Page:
Electric vehicle sales will take a decent hit from the global Covid-19 pandemic, a new report has warned, but will stay on track to account for more than half of all new passenger car sales globally by 2040, and nearly one-third of the world’s car fleet.
In its latest annual Long-Term Electric Vehicle Outlook, BloombergNEF, shows electric models accounting for 58% of new passenger car sales globally by 2040, and 31% of the whole global car fleet. In some countries, the share of EVs will be much, much more.
Electric vehicles will also make up 67% of all buses on the road by that year, 47% of two-wheelers, and 24% of light commercial vehicles, the report says.
But the transition will hit the brakes a bit this year, the report warns, with the coronavirus pandemic interrupting 10 successive years of strong growth to deliver a forecast 18% dip in electric passenger vehicle sales to a total of 1.7 million worldwide.
“The Covid-19 pandemic is set to cause a major downturn in global auto sales in 2020,” said BNEF’s head of advanced transport, Colin McKerracher.
“It is raising difficult questions about automakers’ priorities and their ability to fund the transition. The long-term trajectory has not changed, but the market will be bumpy for the next three years.”
But if Covid-19 is a bump in the road for electric vehicles, it’s no smooth ride for internal combustion engine vehicles, either, with ICE car sales set to take an even bigger hit than EVs and fall by 23% in 2020.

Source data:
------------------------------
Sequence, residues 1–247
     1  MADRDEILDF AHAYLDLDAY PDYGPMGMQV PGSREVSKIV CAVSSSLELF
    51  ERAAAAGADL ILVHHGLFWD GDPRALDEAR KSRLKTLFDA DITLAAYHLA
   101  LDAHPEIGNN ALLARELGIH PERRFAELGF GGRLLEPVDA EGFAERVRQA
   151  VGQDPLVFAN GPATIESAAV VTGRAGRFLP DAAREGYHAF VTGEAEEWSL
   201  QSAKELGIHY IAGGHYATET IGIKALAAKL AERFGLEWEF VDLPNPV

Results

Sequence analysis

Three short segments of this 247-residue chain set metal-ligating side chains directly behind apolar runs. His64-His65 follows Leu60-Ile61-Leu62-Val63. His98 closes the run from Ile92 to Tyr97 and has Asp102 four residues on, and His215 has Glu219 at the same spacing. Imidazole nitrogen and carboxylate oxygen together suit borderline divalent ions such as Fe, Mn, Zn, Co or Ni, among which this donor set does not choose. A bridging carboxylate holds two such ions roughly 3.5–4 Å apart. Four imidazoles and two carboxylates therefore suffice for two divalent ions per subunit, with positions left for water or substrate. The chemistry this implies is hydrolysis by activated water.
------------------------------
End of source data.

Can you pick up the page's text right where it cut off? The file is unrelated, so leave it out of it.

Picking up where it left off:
BNEF’s analysis suggests that global sales of internal combustion engine, or ICE cars – having peaked in 2017 – will continue their long-term decline after a temporary post-crisis recovery.
Electric models, meanwhile, remain on the up-and-up; they’re seen accounting for 3% of global car sales in 2020, rising to 7% in 2023, at some 5.4 million units.
“Further falls in lithium-ion battery prices will mean that the lifetime and upfront costs of an electric car ‘cross over’ with those of ICE equivalents in around 2025, on average,” the report says.
But it points out that the date will vary greatly depending on the market, ranging from as early as 2022 for large cars in Europe, out to 2030 or after for EVs in India and Japan.
Interestingly, BNEF also sees – for the first time in this report – a peak in overall new passenger vehicle sales by 2036, as changing global demographics, increasing urbanisation and more shared mobility outweigh the effects of economic development.
BNEF also takes its “closest look yet” at the prospects for electric vehicle charging infrastructure, and estimates the world will need around 290 million charging points by 2040, including 12 million in public places, requiring investment of around $500 billion.
The report estimates that home, workplace and private commercial charging will account for 78% of this investment, while investment in public charging infrastructure can be provided profitably by the private sector, with some government support needed in some regions.
All this adds up to worse news for global oil markets, with BNEF estimating that the electrification of transport has already taken out almost 1 million barrels of oil demand per day. By 2040, this will blow out to 17.6 million barrels per day.
For electricity markets, things move in the other direction, wit EVs of all types seen adding 5.2% to global electricity demand by 2040.
BNEF calculates that there are currently more than 7 million passenger EVs on the world’s roads, together with more than 500,000 e-buses, almost 400,000 electric delivery vans and trucks, and 184 million electric mopeds, scooters and motorcycles.